Across an ocean and across a continent, they all wait to introduce themselves. Their faces are hidden in a mist. They are surrounded by the Carpathian Mountains and forest lands. Most of them lived as peasant farmers; perhaps, they were serfs. They were under educated…they were hanging on to survive. How did they learn about the American dream? Who shared that with them? How many actually reached the shores of America? And the ones who were left behind and the ones who came before them, just who are they to me? I only know of nine of them. Through the mist, I cannot reach the thousands of others. They remain unknown to me.
Returning from this quest, I consulted the wise matriarch. I shared with her the unfulfillment of my journey. Her advise was to look close to home, for there I would meet thousands…right there at my fingertips. So I reached out…they were exactly where she said I would find them…close to home.
In the first part of my journey to look across an ocean and a continent, I searched for my father’s family. They were Polish peasants. On that half of my family tree, I grafted two branches and nine people. That is all I know…hidden in the mist. Can you imagine a genealogist with only nine people on one side of her tree?
The wise matriarch, my mother, told me not to despair. She guided me to look close to home right here in America. She bragged that we are related to everybody. Family stories stated that a grandfather was a Pilgrim right off the Mayflower…George Soule himself. Other grandfathers fought in the American Revolution, Civil War, World War I. There they were! There were pioneers, cowboys, housewrights and carpenters, seamstresses, teachers…strong men and women. This half of my tree had many branches and thousands of leaves. Can you imagine a genealogist with such a delightful assortment of ancestors…bet one can?!
Lessons learned: first, look close to home before checking the far horizons. Discoveries await right here. Second, listen to Mama…she flows in wisdom.
They left more than 50 years ago. They took with them pieces of my heart. Their partings were sudden and unexpected. What were you thinking, Lord? I was young…a teenager unformed in maturity and experiences. They were guiding lights and beacons to see the world out of the shadows. Why did they have to go? I was learning so much, and the lessons seemed to be abruptly cut off. Or were they? They left me a legacy, one of a social conscience and one of an attitude of gratitude.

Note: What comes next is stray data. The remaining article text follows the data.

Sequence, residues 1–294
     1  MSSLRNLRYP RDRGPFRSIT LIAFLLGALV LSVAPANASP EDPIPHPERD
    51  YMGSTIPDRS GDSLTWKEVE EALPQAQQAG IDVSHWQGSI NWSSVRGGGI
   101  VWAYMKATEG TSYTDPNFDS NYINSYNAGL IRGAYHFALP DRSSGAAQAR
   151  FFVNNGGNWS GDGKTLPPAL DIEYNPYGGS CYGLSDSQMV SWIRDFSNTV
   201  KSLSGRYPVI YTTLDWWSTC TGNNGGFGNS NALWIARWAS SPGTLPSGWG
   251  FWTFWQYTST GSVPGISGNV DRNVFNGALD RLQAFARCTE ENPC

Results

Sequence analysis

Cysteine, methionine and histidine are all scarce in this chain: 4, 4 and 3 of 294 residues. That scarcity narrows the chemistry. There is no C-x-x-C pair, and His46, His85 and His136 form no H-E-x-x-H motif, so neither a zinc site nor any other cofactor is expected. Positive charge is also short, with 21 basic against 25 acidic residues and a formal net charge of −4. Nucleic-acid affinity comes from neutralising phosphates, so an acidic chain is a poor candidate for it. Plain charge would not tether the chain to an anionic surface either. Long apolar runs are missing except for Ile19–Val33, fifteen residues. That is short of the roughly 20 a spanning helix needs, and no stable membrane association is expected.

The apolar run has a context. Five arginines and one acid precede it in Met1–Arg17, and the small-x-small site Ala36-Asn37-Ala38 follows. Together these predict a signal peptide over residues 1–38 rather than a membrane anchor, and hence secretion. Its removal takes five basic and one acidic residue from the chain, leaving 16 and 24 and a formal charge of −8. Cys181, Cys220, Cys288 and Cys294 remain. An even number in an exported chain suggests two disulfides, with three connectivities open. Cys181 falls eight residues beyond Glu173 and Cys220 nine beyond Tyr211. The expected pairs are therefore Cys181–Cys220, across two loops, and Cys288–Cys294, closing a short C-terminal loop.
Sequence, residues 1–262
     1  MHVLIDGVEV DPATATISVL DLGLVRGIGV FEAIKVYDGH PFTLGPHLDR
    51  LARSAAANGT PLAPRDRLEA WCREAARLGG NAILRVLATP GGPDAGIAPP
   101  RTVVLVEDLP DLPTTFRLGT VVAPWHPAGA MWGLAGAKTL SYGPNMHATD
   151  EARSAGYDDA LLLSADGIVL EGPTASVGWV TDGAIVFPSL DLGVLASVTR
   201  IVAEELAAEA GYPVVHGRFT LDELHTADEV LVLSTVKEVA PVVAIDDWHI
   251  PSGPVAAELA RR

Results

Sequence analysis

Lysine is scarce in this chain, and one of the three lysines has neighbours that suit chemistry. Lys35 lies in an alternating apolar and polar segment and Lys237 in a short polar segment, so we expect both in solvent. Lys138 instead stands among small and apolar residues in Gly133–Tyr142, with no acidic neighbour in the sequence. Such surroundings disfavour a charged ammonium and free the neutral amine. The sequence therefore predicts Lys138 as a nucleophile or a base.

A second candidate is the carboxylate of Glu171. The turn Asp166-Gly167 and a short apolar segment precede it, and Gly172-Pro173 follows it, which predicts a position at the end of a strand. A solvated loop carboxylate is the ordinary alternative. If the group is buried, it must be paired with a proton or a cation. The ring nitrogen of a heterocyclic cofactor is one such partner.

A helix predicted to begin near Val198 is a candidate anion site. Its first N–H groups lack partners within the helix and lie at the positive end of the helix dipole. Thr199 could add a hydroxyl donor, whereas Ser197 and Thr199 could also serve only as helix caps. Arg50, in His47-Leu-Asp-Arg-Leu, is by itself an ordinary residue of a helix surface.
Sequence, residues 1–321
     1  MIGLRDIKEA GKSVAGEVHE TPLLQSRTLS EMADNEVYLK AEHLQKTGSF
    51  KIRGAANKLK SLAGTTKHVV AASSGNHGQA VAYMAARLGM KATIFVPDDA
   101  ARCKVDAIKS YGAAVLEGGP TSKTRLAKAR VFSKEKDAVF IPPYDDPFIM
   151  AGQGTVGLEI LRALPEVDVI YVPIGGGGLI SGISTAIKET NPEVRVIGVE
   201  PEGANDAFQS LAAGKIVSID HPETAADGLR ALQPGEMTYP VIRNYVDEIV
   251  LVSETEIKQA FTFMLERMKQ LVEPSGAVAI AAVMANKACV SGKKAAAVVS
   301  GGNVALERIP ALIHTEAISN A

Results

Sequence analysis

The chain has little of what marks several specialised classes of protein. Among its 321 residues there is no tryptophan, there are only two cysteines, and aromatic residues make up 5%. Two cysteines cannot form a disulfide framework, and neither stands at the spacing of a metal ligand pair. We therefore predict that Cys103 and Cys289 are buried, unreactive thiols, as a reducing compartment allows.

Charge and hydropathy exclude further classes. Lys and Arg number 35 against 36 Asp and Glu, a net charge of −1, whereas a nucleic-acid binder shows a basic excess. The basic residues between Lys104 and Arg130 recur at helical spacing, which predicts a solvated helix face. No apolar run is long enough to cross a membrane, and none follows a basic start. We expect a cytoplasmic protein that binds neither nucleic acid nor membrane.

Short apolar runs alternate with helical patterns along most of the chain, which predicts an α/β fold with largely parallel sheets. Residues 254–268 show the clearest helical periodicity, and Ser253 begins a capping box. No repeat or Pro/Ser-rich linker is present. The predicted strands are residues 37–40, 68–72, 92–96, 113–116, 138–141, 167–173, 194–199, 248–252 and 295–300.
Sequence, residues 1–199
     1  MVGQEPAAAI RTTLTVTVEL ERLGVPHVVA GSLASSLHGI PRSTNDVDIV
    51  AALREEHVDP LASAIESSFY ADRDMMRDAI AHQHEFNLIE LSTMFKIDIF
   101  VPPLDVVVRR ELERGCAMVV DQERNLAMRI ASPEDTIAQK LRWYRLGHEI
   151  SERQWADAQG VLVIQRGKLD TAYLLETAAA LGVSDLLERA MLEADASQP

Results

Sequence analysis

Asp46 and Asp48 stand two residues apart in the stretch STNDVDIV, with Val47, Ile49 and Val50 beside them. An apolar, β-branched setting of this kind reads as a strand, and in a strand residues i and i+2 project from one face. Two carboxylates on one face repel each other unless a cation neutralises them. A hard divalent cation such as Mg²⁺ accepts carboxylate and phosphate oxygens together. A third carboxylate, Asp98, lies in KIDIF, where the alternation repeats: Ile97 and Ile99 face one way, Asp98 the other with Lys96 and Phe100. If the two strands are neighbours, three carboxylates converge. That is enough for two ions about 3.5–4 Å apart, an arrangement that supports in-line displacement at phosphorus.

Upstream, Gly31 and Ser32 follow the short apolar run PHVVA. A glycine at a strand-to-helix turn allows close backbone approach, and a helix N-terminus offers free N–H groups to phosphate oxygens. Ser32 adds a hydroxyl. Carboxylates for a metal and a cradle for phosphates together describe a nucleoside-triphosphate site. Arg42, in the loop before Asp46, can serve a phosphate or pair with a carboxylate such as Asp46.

They left more than 50 years ago. They are part of the long line of fallen heroes who graced my life and touched it. Forever grateful and forever remembering John Fitzgerald Kennedy and Martin Luther King, Jr.
Hiding in a drawer…tucked away from view…longing to be discovered…just waiting for someone’s intake of breath when viewed…I had never seen a photo like it. Was the photo taken to celebrate a wedding? The couple had been married on 27 April 1918 so the picture was more than 100 years old. In studying the photo, I was wondering why the bride was not facing the camera? To me, that added an exquisiteness to the pose. She appears to be wearing engagement and wedding rings when I look closer. The photo was taken at the Bennett Studio in downtown Waynesboro, Pennsylvania. The couple had been married in Hagerstown, Maryland, about 15 miles away. Daniel Johnston Haffner, 22 years old, and Anna Rebecca Flegel, 20 years old, were touted as a much loved and popular young couple according to the newspaper. They would be married for almost 40 years before Anna passed away in 1957. They would parent four children.
This little gem of a photo was discovered by me last year. The couple are my husband’s grandparents…it is a favorite of mine.
What was the question…what was the answer…what was the explanation? Who was involved in the decision-making? Who planned the moves forward and eventually westward? What compelled them? What led them? Were these moves each obviously a fresh start?
William Henry Stevens was born in London in 1844. During the Civil War, he immigrated to America and joined the Union Navy. Was that meant to be a fresh start in a new place? His assignments as a landsman were documented in his military and pension records. He was a mere 22 years old when this adventure began.
At the age of 24, he married Isabella Couchman in New York City. They also resided in Jersey City, New Jersey. They would parent a total of ten children…some born there and the remaining in a final start over location. Was this meant to be a fresh start in a new place?
For while, the family lived in Memphis, Tennessee, where Will worked at the gas company. Was this move to the South meant as a fresh start in another new place? It was a city albeit smaller in size than New York.
Will’s final start over was in Osborne County, Kansas. He became a farmer. A London-New York-Tennessee transplant making yet another fresh start in the early 1870s. What prompted this move when he knew very little about farming?
None of Will’s and Isabella’s real thoughts and ponderings have ever been discovered. Are they just dust in the wind?